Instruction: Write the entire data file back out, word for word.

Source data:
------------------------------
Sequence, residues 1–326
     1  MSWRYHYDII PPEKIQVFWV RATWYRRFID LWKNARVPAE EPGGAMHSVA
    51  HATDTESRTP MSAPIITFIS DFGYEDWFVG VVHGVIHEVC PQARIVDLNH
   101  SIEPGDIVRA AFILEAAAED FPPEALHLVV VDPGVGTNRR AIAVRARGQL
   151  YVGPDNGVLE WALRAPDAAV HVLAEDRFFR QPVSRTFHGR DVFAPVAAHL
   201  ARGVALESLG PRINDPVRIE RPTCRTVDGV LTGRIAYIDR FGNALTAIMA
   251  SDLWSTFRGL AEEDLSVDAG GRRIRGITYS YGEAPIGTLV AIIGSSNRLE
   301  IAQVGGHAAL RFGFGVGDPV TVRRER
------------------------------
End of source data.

Sequence, residues 1–326
     1  MSWRYHYDII PPEKIQVFWV RATWYRRFID LWKNARVPAE EPGGAMHSVA
    51  HATDTESRTP MSAPIITFIS DFGYEDWFVG VVHGVIHEVC PQARIVDLNH
   101  SIEPGDIVRA AFILEAAAED FPPEALHLVV VDPGVGTNRR AIAVRARGQL
   151  YVGPDNGVLE WALRAPDAAV HVLAEDRFFR QPVSRTFHGR DVFAPVAAHL
   201  ARGVALESLG PRINDPVRIE RPTCRTVDGV LTGRIAYIDR FGNALTAIMA
   251  SDLWSTFRGL AEEDLSVDAG GRRIRGITYS YGEAPIGTLV AIIGSSNRLE
   301  IAQVGGHAAL RFGFGVGDPV TVRRER